Panel Brings Transgender Issues to Light, Offers Opportunity for Dialogue

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Panelists Keri Abrams, Andrew and Zakia McKensey answered some pre-prepared questions, some anonymous questions and some questions asked by the audience. (Photo by Susan Shibut, VCU Capital News Service)

“Guess what? I am a transgender woman and I am just like everybody else.”

Keri Abrams was addressing an audience of about 35 people at the “Ask a Trans Person” panel at Chesterfield Central Library earlier this week. Equality Virginia — an advocacy organization for lesbian, gay, bisexual and transgender Virginians — hosted the event to facilitate transgender visibility and inspire community building by inviting questions from the audience. 

The discussion included inquires about how to gain confidence being trans, choosing a gender-affirming name and how family and friends can offer support. The panelists discussed their different experiences, including coming out and transitioning. The audience was first encouraged to write anonymous questions on notecards and later to ask questions in front of the group. Most of the questions were about opportunities to support the transgender community or questions regarding the panelists’ personal experiences. 

A recurring topic was the lack of legal protections for transgender people in Virginia. In January 2018 Gov. Ralph Northam signed into effect Executive Order Number One to ensure equal opportunity in state government. The order prohibits discrimination on the basis of race, sex, color, national origin, religion, sexual orientation, gender identity or expression, age, political affiliation or against persons with disabilities.

This year, several nondiscrimination bills failed to pass the General Assembly. These included HB 2067, which would have prohibited discrimination on the basis of sexual orientation or gender identity in public employment, and SB 1109, which would have categorized discrimination on the basis of sexual orientation or gender identity as an unlawful housing practice.

“A lot of people don’t know that we are not protected,” Abrams said. “They assume that, you know, everybody else is protected. But we’re not. We can lose jobs, we can be denied jobs, we can be denied housing, we can be thrown out of housing, and we won’t even get in to homeless shelters.”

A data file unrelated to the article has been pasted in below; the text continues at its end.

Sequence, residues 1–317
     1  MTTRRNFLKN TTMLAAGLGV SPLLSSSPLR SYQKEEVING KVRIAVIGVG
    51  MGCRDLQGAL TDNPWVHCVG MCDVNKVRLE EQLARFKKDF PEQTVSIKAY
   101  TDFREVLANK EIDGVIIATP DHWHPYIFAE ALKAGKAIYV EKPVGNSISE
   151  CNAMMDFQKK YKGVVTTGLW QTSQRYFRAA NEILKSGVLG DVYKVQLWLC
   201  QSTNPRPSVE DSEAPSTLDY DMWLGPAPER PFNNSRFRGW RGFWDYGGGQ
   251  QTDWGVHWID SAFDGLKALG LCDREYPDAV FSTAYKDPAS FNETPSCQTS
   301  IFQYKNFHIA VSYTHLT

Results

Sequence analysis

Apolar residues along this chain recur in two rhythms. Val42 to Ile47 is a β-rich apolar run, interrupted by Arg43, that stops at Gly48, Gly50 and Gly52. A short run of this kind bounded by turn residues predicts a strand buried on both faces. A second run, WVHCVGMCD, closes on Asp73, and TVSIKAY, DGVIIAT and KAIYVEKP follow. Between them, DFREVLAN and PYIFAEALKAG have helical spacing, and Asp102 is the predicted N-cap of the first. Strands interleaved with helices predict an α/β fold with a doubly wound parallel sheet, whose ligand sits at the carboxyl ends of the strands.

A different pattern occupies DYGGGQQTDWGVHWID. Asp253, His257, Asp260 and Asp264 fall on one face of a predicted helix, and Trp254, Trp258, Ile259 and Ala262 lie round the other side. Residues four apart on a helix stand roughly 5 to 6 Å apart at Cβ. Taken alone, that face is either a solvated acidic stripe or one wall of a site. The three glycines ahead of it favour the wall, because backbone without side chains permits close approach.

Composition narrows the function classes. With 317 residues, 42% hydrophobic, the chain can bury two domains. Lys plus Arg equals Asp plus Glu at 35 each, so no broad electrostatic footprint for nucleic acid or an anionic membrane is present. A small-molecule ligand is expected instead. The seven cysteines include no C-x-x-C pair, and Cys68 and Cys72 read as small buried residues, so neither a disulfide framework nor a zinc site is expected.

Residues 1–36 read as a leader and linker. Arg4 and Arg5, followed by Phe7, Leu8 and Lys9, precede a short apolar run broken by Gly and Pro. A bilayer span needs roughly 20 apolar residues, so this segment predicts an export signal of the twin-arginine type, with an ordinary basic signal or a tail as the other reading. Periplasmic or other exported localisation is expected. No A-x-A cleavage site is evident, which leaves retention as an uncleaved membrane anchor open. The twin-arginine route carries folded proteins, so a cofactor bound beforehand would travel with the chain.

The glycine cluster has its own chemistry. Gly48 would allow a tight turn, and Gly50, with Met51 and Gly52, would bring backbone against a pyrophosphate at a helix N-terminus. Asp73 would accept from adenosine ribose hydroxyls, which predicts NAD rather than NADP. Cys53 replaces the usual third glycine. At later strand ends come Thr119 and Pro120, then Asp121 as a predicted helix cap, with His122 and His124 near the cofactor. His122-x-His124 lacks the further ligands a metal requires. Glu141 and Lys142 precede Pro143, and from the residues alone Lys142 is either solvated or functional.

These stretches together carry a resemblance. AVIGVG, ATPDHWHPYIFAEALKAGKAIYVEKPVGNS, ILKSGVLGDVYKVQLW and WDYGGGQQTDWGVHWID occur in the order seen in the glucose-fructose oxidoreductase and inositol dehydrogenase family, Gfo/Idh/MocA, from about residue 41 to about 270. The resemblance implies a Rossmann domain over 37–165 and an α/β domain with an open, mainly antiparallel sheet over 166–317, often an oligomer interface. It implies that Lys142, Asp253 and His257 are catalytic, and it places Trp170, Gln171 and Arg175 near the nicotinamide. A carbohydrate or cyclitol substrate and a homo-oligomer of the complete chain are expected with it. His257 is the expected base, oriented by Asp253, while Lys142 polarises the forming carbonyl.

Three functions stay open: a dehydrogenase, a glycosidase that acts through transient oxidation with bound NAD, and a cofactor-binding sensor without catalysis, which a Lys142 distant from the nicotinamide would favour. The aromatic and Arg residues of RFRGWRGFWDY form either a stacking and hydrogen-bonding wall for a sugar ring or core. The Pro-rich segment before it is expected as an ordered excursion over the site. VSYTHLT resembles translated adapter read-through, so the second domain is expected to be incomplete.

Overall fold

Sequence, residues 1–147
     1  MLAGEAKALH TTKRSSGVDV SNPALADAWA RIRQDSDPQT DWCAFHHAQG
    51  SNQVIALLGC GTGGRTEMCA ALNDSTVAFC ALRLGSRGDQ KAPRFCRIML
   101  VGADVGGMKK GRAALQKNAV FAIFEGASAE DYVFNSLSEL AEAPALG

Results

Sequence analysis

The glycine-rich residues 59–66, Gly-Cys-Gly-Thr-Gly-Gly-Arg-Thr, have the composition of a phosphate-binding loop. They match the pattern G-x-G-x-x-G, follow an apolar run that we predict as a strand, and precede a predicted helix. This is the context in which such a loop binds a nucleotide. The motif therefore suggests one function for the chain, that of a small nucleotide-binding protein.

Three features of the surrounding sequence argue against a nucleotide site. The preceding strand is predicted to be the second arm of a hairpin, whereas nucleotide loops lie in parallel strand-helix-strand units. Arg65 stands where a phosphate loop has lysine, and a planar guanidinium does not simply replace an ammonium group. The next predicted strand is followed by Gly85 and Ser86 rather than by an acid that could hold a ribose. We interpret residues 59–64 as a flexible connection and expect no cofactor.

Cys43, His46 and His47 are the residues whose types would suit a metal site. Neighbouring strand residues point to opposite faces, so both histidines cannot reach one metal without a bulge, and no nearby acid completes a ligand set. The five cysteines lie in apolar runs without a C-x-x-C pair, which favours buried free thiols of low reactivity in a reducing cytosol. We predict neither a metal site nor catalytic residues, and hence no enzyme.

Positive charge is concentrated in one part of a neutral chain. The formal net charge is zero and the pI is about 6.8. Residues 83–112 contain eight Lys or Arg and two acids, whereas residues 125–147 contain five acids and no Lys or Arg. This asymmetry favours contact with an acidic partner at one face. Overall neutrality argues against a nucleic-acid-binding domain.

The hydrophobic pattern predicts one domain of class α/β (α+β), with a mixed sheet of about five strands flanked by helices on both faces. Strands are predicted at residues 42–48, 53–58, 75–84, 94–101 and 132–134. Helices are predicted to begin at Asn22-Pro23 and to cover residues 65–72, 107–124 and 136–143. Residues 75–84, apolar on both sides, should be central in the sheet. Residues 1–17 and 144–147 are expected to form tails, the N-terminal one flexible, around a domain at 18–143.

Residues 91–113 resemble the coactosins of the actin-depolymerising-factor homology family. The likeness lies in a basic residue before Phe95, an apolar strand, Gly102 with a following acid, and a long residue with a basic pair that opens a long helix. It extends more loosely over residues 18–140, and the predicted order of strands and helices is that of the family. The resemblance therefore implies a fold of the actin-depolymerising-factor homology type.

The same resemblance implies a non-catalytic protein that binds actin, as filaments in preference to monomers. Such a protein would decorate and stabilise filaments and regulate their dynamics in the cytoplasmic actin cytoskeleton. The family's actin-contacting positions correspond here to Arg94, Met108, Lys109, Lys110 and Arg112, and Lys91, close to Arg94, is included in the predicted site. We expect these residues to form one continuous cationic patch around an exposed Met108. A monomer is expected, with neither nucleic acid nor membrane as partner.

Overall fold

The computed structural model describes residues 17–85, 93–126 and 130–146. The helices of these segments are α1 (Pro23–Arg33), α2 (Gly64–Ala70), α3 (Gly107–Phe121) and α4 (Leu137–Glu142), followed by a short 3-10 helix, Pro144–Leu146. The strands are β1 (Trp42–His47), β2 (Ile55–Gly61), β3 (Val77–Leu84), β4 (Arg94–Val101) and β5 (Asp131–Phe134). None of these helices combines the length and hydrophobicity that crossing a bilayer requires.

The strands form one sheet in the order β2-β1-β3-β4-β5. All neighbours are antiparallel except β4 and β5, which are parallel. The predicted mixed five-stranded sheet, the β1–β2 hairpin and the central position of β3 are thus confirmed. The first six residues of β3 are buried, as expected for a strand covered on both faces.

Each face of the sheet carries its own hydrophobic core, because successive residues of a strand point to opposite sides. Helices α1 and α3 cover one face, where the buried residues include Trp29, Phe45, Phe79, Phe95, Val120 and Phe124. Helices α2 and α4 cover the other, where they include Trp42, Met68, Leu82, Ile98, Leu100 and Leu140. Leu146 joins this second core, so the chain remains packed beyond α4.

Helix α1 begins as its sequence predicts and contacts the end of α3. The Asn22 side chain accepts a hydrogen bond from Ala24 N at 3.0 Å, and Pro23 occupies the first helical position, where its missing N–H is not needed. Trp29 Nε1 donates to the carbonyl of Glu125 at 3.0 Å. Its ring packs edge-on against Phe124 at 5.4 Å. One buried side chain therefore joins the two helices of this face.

Panelist Zakia McKensey said she experienced discrimination while trying to find an office space for Nationz Foundation, a nonprofit organization she founded to help the LGBTQ community have access to health resources and education. She said her inquiries into available spaces were repeatedly denied without an explanation after visiting.

“We should be protected, we should have the same rights, same opportunities,” McKensey said.

Panelist Andrew, who asked to be referred to only by his first name because he fears being fired, said he wants more protection in university housing, more inclusive high school sports policies and recognition of the significance of pronouns.

“Imagine being in a lecture hall of 250 people and the professor calls you by the wrong pronoun in front of all your classmates,” Andrew said.

In 2014, the Virginia High School League approved participation in public school sports by transgender athletes, but they would be required to have undergone sex reassignment surgery and hormone therapy. VHSL has since updated the policy to allow transgender athletes who have verified medical documentation as having a consistent identity different than the gender listed on their birth certificate or school registration to participate.

Andrew said the VHSL almost prevented him from playing sports in high school.

All three panelists also said that health care is a difficult system for transgender people to navigate. 

“So many times we go into places needing health-related services, and we end up teaching medical practitioners what we need,” McKensey said. 

Health care access, workplace protections and housing protections are all on Equality Virginia’s “checklist” of important issues to address for the LGBTQ community. The list also includes inclusive schools, public accommodations and a conversion therapy ban.

Conversion therapy, the practice of trying to change an individual’s sexual orientation, is still legal in Virginia, though there have been attempts to limit the practice. Three Virginia boards that advise mental health professions — the Board of Psychology, Board of Counseling and Board of Social Work — all voted to prohibit the practice on minors. These boards do not need legislative approval to create regulation and take disciplinary action against offending practices. 

According to the Gay and Lesbian Alliance Against Defamation, 16% of Americans say they know someone who is transgender. Equality Virginia Program Coordinator Thalia Hernandez said she hopes the panel gave attendees who might not know a transgender person a greater understanding of the issues that face the community.

“We’re making that larger social change as well in these everyday interactions, and so the small things can really build a world of difference,” Hernandez said.

Equality Virginia will host more “Ask a Trans Person” panels on Nov. 21 and Dec. 17 at Hampton Public Library in Hampton, on Dec. 10 at the East Suffolk Recreation Center in Suffolk and on Dec. 12 at First Congregational Christian Church in Chesterfield.


The NorVA